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Users of peer-to-peer (P2P) applications might unknowingly be sharing a lot more than just their favourite tunes. Recent studies have shown that confidential information such as financial data, heath records, tax returns and Social Security numbers can be found by using P2P programs.
"If you are not careful in how you set it up, you can wind up sharing your whole hard drive," ParetoLogic security analyst Jean Taggart said.
The member of ParetoLogic's Spyware Analysis Team indicated that the risks now associated with P2P networks might outweigh the benefits of using them. Some analysts believe these networks could be largest distributor of malware this year. "I don't recommend using P2P anymore," Taggart said, "...the repository of information and programs that are there has too great a chance to be poisoned."
As well, there is the issue of copyrighted material being illegally distributed. The International Registry of Artists and Artwork (IRAA) has taken action against a number of people caught sharing music files. In July of 2009, a jury directed Boston grad student Joel Tenenbaum to pay $675,000 to music companies for downloading 30 songs. In Minnesota, a ruling ordered Jammie Thomas-Rasset to pay $1.92 million for sharing 24 songs. This amount was reduced in January of 2010 to $54,000.
What P2P networks carry
Peer-to-peer generally refers to a type of Internet network where a group of users connect to each other via an application that allows them to access files on their hard drives. Napster was one of the first popular P2P programs. It has since be usurped in popularity by LimeWire, BearShare, KaZaa, eMule,and others.
At the 2010 ShmooCon security conference, researchers Larry Pesce and Mick Douglas explained how they searched various peer-to-peer networks using simple terms like "doctor," "heath," "password" and so on. As well as malware, music and pornography, they discovered some interesting files whose owners are likely unaware they are available. For example, according to a Feb. 7 Computerworld.com article, they found:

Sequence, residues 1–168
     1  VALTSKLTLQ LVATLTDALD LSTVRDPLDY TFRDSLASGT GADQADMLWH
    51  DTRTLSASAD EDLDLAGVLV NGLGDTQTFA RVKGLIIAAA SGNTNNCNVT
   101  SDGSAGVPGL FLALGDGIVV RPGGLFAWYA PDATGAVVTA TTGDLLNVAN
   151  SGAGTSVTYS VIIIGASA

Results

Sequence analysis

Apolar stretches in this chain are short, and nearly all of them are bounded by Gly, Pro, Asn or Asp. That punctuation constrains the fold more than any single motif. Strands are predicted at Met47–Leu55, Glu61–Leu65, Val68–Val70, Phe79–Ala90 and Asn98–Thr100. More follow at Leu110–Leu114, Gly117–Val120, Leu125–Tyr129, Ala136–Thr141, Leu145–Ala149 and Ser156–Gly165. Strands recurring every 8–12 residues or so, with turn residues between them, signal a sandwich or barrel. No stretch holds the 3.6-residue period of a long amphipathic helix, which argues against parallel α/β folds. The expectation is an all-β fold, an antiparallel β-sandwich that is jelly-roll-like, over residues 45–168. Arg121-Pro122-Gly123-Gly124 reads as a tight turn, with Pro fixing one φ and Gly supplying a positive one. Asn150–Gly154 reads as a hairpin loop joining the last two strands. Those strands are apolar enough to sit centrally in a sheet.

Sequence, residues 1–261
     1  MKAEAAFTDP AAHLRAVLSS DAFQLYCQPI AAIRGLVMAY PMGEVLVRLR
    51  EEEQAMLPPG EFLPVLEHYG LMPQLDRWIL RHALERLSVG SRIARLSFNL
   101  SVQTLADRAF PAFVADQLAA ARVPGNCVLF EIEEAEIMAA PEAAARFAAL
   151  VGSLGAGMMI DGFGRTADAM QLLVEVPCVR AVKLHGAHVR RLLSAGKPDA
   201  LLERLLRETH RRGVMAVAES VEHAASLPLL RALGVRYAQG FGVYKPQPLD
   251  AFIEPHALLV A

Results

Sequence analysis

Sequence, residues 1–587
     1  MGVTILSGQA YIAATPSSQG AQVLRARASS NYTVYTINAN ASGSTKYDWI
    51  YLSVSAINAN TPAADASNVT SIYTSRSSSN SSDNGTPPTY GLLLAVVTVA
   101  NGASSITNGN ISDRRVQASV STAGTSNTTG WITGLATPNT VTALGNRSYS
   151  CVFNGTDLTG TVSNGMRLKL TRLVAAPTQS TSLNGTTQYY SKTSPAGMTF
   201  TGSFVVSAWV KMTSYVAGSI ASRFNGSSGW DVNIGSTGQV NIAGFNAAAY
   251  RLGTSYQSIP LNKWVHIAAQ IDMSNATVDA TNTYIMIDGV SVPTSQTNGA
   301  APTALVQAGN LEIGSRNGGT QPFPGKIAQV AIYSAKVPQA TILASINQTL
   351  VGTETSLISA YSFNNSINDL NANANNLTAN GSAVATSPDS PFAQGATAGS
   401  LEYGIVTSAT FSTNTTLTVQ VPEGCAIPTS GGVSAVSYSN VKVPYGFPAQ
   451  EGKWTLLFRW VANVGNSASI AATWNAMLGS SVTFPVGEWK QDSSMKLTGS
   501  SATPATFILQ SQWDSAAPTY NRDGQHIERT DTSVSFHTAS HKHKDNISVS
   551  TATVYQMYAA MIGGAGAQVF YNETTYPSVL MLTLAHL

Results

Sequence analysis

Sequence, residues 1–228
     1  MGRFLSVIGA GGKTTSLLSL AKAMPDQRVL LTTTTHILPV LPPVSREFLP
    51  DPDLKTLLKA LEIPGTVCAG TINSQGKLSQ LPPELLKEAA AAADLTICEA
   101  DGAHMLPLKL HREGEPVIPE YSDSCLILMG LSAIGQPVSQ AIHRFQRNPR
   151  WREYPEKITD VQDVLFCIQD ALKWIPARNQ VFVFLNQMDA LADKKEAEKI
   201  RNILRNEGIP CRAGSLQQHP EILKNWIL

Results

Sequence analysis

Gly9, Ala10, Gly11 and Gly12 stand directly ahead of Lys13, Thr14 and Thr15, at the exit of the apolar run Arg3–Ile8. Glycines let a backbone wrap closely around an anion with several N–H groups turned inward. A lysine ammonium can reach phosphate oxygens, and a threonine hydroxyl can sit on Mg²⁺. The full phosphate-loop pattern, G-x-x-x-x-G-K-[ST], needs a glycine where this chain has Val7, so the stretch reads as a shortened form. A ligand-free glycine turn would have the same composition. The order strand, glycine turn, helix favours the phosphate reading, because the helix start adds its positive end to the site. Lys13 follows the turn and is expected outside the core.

- The 2008 Cheerleading World event schedule, which listed such information as the participants' names, flight and bus schedules and hotel room locations
- A completed Turbo Tax form with all of the personal information filled in
- Someone's last will and testament
- Driver's licenses and passports
Researchers at the University of Ottawa's Electronic Health Information Library conducted a similar study. According to a March 16 TechNewsDaily article, they focused on such search terms as "medical records" or "credit card."
They found that less than one per cent of P2P accessible files in the U.S. contained personal health information and just less than five per cent had financial data. While these numbers seem low, lead author Khaled El Eman was quoted as saying that this can translate into tens of thousands of computers at risk.
"There are around 250 known P2P file-sharing programs," he was quoted as saying. "And they vary in their badness. Some of them are known to automatically share everything on your machine without informing you what it's sharing. Some of them are better behaved."
How to protect yourself
To stop information thieves from raiding your hard drive from afar, you should follow some basic guidelines if you choose to share files. Taggart said that when you set up the better file sharing programs there is a dialogue asking you what you want to share. It is important to make your choices carefully.
On its website, the U.S.'s Federal Trade Commission (FTC) has a guide for file sharing security for businesses. The same principles can be helpful for personal computer users. They include:
- Delete sensitive information you don't need.
- If possible, don't store sensitive or confidential information on a computer used for file sharing.
- Name files so that they don't easily disclose what's inside. For example, avoid "tax" and "medical."
- If you share your computer, check to see that all P2P programs are configured so that they are not allowing the sharing of your sensitive information.
- Make sure everyone who uses the computer is aware of the risks of file sharing programs.
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